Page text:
Pats’ dream over, but Steelers, Packers fans have reason to cheer
Loyalty pays off for pals of the Pack
It did not have the makings of a great night for Green Bay.
Heading into Gillette Stadium for the Pats-Packers matchup Dec. 19, Packers fans had reason to feel disheartened. We had waited eight years for our team to come back to Foxborough, and now our star quarterback, Aaron Rodgers, was out with a concussion. Our backup, Matt Flynn, was making his first NFL start. As Packers fans living in Massachusetts, we were intimately acquainted with Patriots’ (alleged) greatness. And now our chance to put them in their place seemed lost.
It was hard to be discouraged, though, with all the bonding going on. There are Packers fans everywhere — the team inspires love that simply can’t be contained by geography — and Foxborough on this frigid Sunday night was thick with them, bundled into their green-and-gold overcoats and cheeseheads and Viking helmets. I was at the game with my 20-year-old niece, my 67-year-old mother, and my sister. We had our flask engraved with a “G’’, our Packers blanket, our flag, and there on the field, we had our beloved team. Maybe we would freeze. Maybe we would lose. We wouldn’t have missed it for anything.
When people want to know why I’m a Packers fan, I give the short answer: because of my dad. He wasn’t from Wisconsin — he lived his entire life in the same house in Marblehead, and he never made it to Green Bay — but he loved the Packers like he was born there. His passion began in the golden era of the 1960s, when the Packers won the first two Super Bowls. My father, a small-town butcher and one-time high school football player, was hooked. Together, we would endure two painful losing decades, spanning my childhood and adolescence, before the Pack’s 1990s resurgence taught me the rewards of loyalty and patience.
To love a team other than the home team, in a place as sports-obsessed as Boston, is to be an outsider in one’s own backyard, unmoved by the NFL obsessions of one’s friends, but equally obsessed with a parallel NFL universe. Pats fans take for granted that their games will be shown on TV. Packers fans assume that theirs will not, and start every week crafting a Plan B, calling bars or courting friends with fancy satellite channels. Pats fans don’t have to explain their dark moods when their team disappoints; I expect my gloomy spells to be misunderstood.
But loving the Pack in New England has never been lonely. In all the bars where I have watched my boys play ball, from Cape Cod to Bangor, I have rarely failed to find a fellow Packers fan to cheer with, and there is always something thrilling in that instant kinship. And Pats fans, for their part, are almost always tolerant — sometimes baffled or bemused, but generally unoffended — as long as you don’t bring up the teams’ only Super Bowl meeting, in 1997 (Green Bay 35, New England 21). The Pack has glorious history and heartland wholesomeness on its side — it’s not like telling people you root for the Jets.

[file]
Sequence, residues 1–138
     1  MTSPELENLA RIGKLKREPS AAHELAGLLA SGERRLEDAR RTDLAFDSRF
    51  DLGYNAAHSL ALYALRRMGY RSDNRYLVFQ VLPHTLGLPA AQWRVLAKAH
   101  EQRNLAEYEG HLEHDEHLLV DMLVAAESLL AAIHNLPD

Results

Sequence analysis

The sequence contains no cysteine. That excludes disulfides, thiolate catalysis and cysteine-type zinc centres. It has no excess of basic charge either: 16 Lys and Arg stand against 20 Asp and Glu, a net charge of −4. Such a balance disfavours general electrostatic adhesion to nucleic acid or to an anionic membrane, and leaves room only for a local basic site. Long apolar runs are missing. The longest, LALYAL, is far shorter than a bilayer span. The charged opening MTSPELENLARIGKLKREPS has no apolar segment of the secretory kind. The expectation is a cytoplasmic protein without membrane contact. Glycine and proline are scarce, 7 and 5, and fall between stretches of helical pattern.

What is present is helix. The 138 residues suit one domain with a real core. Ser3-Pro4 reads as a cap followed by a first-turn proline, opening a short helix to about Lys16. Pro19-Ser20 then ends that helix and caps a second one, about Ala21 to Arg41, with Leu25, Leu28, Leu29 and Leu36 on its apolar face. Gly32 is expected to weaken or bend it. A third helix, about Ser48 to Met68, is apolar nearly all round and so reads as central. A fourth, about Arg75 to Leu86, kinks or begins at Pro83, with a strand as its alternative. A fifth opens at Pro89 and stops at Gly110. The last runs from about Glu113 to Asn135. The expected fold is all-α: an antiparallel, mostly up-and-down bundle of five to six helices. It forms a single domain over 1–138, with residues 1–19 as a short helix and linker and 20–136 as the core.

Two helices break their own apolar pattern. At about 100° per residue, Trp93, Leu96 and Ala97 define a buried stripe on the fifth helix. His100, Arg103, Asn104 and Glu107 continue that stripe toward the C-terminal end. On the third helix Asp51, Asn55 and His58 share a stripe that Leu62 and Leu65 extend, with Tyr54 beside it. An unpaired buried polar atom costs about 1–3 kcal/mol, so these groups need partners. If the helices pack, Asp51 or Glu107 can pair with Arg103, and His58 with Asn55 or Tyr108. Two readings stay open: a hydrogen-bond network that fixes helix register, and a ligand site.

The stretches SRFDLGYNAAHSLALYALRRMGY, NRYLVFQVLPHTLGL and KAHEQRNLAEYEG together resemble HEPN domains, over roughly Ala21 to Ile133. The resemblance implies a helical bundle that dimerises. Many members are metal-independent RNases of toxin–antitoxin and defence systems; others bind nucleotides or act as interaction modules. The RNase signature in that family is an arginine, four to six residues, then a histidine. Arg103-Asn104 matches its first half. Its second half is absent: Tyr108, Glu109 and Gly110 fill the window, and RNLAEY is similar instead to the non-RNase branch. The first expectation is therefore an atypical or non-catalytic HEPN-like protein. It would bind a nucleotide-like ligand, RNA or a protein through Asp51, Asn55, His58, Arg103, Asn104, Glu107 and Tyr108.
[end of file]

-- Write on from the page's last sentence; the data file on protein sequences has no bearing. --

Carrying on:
My dad’s friends liked to tease him when the Packers lost, but they loved him for his football loyalty and passion. After he died, in 2003, they bought a memorial brick in his name on the walkway around Lambeau Field. The following year, my mother, sister and I made our first pilgrimage. We spent an idyllic October weekend in Green Bay, ogling the spotlit Lombardi Trophies in the museum, walking on the storied, sun-drenched Lambeau turf, and sitting at the 50-yard line for a game. The Packers lost badly to the Tennessee Titans, giving up the most points in Lambeau Field history, but it ranks as one of the best nights of my life: standing with my football family, in a place I had loved from a distance, and dreamed of seeing, since childhood.
The game in December in Foxborough was much closer — close enough to silence the crowd of 68,000 repeatedly, even close enough for giddy Packers fans to risk a bit of heckling. The simple but elegant “1997!’’ was my favorite.
At halftime, we led 17 to 14. At the end of the third quarter, we were still ahead. In the end, the Pats won, 31 to 27, but the home crowd had been shaken. They showered us with insults on the long walk out (who insults the visiting fans after a win?), but our thoughts were elsewhere: We had realized just how good our team might be.
My Packers haven’t lost a game since, and tonight, they will play in Super Bowl XLV. My family will gather in Marblehead — siblings, nieces and nephews, grandchildren — all inspired, still, by my dad’s passion. There will be traditions and superstitions (sausage must be served; my 8-month-old must wear her lucky Packers socks). If we win, everyone will take a turn carrying the flag on our victory lap around the block.
This postseason has felt like destiny, and I’m confident Green Bay will prevail, but I wish we were playing the Patriots instead. Partly because it would make my city and my region happy, but mainly because I want a rematch. Could we beat them now, with our starting QB back in action and our team riding a wave of momentum?
You know what I think, Pats fans.
Jenna Russell can be reached at firstname.lastname@example.org.